The EC800 is gorgeous, and would look great stacked atop its sidekick A/V processor, the SSP200. The front panel has a clean look, with all the controls you might want -- youre not forced to use the remote for everything. Around back is my favorite output, an HDMI, though this one is only v1.1 and not the latest version, v1.3. As befits a company well known for high-end sound, theres a set of 5.1-channel analog outputs as well as the aforementioned (by Halcro) two-channel variety. Oddly, theyve decided to forgo any balanced outputs, digital or analog.
I hooked up the EC800 multiple ways, using the HDMI, analog, and digital outputs. Being a polite chap, I began with the "high-end CD player" positioning and hooked up the EC800 in my recording studio. Now, this isnt EMIs Abbey Road, but the equipment (RME Fireface 800 feeding Digidesign RM2 speakers) is quite revealing. I immediately noticed the high quality of the EC800s sound -- a clarity that sounded as if the frequency response had been bumped up in the sparkle range. Strings had additional bite, and the low end more oomph. It took me a few tries to get used to it, but soon I was running to the Harmonia Mundi section of my CD shelves, looking for some of those ultraclean recordings led by conductor Nicholas McGegan. It was quite a treat.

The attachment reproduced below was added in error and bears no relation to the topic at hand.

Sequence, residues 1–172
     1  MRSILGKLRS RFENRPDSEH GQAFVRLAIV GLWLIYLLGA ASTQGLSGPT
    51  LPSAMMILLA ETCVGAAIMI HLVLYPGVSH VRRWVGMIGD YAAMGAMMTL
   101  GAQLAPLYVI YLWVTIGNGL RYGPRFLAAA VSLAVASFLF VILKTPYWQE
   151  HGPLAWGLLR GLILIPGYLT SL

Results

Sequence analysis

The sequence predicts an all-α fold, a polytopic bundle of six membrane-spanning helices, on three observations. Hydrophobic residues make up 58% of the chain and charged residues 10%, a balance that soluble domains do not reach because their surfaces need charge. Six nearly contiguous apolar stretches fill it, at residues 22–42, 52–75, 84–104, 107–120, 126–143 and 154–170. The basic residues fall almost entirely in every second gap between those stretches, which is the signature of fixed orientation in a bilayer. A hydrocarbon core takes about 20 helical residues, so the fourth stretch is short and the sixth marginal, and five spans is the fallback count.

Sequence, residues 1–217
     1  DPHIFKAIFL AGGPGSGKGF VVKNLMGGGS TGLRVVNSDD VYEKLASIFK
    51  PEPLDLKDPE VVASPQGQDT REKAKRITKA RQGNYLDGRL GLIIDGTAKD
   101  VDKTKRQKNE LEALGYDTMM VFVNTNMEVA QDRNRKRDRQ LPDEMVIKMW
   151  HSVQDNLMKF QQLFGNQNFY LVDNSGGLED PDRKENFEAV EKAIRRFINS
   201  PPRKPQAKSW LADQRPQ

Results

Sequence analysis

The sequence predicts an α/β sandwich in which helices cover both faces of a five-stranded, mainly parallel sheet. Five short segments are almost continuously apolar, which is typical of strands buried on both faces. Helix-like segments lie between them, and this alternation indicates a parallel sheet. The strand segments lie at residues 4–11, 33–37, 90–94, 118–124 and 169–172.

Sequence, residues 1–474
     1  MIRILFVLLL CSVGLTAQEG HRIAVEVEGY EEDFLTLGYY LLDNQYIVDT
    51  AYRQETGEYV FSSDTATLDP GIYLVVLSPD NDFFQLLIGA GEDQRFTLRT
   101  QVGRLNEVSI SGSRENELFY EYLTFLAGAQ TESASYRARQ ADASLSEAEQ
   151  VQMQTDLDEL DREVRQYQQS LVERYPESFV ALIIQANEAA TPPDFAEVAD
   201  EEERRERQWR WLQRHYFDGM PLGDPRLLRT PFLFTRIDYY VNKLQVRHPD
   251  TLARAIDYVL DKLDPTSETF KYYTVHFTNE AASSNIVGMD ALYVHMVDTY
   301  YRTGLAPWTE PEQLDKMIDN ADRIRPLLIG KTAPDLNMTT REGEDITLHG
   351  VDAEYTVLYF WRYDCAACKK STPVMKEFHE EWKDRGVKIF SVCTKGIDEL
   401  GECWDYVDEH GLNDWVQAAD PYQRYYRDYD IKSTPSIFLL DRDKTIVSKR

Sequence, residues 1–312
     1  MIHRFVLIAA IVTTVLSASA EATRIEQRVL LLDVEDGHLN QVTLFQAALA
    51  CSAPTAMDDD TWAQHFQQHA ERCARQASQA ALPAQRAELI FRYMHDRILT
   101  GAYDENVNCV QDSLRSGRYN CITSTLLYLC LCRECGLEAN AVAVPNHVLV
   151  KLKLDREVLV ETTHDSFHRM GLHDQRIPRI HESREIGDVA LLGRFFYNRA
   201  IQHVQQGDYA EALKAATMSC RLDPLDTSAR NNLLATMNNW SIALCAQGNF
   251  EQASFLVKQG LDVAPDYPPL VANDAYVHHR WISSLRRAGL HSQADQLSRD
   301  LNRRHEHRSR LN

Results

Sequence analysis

I started to type up my listening notes and found out my wireless mouse wasnt working properly: it stopped dead, then popped back on for a moment, then stopped altogether. This was odd -- Id never before had a problem with it. I tried changing the batteries, snugging up its USB connection, and anything else I could think of. The only recent change in this room was the installation of the Halcro EC800, so I turned it off. No mouse. I turned off the EC800s main power switch. Still no mouse. I unplugged the EC800 from the wall. Instantly, the mouse started working. Plugged the EC800 back in. No mouse.